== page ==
In 2014, a woman named Anna died in the intensive care unit of the University of Illinois Hospital after contracting HIV.
She was 43 years old.
Anna was a nurse, an immigrant, and a lesbian.
The hospital and the community rallied around her.
They offered a platform and space for her to share her story.
Today, Anna’s story is a model for how women can be supported in a hospital setting.
Anna had the ability to walk out of the hospital and talk about her illness.
Anna would tell her story to strangers, people who cared for her, and her closest friends.
Anna did it for them and for others.
She did it because she believed in healing and she was willing to work with others to do the same.
Today Anna’s legacy is that she was not alone.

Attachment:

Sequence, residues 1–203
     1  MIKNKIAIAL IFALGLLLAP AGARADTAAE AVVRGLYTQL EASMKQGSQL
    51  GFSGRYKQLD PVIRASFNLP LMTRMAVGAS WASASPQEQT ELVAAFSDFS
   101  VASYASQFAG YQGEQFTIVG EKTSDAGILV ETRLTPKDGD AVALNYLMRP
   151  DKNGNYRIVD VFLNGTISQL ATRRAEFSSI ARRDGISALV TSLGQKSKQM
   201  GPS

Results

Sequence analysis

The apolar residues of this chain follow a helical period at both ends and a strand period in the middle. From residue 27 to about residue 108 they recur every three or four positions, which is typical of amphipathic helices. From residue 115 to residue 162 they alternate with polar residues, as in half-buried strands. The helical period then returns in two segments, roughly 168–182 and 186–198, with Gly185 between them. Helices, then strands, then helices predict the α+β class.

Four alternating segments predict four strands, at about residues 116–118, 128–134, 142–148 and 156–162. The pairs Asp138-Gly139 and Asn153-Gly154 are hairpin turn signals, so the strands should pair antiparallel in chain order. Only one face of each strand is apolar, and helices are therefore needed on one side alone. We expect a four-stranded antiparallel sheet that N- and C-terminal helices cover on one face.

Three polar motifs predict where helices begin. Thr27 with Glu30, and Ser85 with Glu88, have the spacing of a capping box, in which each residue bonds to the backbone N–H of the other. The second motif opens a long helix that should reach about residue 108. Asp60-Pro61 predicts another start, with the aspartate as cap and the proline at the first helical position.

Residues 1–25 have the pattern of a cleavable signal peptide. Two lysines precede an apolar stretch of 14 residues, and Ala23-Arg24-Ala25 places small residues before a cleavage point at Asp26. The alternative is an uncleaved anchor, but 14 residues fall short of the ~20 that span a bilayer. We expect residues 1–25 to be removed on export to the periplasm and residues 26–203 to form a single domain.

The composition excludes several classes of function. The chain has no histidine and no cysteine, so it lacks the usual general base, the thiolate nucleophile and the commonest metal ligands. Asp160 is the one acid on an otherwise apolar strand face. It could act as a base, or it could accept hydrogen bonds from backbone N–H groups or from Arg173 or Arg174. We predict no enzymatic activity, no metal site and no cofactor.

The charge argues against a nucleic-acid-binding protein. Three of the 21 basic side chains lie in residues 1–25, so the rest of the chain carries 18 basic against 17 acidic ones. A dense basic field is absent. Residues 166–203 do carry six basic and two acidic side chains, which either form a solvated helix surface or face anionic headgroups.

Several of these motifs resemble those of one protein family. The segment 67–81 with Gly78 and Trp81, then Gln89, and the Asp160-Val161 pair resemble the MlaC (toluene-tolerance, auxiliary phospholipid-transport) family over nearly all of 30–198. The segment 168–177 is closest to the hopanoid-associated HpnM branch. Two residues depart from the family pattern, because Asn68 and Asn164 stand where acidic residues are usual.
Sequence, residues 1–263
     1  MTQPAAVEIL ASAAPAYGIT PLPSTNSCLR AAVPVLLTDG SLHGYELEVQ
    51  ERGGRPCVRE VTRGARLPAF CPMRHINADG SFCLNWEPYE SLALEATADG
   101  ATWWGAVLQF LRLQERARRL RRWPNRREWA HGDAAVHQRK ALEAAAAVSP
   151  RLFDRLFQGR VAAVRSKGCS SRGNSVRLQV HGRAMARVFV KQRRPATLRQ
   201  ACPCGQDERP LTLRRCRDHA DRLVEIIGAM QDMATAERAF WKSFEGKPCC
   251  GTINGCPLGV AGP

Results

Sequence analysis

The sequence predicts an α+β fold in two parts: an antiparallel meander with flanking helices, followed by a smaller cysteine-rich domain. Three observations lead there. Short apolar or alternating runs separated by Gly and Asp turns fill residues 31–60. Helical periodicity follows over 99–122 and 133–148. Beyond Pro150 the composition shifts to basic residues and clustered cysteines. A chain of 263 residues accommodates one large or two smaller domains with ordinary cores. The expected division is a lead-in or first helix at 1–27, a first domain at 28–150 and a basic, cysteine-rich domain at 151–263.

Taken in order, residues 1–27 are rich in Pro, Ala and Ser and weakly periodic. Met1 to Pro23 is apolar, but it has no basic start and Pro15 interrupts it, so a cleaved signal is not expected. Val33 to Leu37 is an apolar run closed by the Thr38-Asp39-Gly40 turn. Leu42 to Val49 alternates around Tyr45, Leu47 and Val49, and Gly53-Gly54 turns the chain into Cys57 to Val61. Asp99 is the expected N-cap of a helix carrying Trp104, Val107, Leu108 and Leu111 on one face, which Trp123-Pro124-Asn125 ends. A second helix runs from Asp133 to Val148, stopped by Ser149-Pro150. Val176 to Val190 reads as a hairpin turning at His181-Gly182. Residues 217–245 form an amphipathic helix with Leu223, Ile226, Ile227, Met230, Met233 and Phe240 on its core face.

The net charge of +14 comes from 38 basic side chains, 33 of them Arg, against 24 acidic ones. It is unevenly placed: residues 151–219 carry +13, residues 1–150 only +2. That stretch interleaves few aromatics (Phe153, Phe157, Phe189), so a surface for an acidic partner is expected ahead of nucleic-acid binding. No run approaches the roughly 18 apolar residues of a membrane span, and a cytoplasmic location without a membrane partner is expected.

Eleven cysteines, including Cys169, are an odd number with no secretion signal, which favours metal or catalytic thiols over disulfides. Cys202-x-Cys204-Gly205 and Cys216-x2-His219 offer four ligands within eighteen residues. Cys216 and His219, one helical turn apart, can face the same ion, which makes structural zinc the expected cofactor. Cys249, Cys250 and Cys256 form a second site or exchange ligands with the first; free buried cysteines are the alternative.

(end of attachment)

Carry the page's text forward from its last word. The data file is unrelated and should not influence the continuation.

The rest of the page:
Many of us, including me, have to walk away from the hospital, often without the support of our families, friends, or even family members.
Today we can do that.
We can work with our partners and friends to provide support and resources to our partners in a safe and respectful setting.
When Anna died, the hospital took steps to make sure that her death was a preventable tragedy.
It offered her an HIV test.
It took a few weeks to provide the medical care she needed and that she needed to survive.
But it is the community that can create safe spaces for survivors.
Anna’s death was not a tragic event.
She lived a life that was beautiful, full of love, and full of hope.
The health care community and the rest of us have a responsibility to honor Anna’s memory and to work to make a difference for all people who are struggling with HIV.
To learn more about HIV prevention and treatment at the local level, read our HIV Prevention and Treatment resources.
If you’re interested in learning more about how to help prevent and treat HIV in your community, contact the National Center for HIV/AIDS Prevention and Health Promotion (NCHOPHP).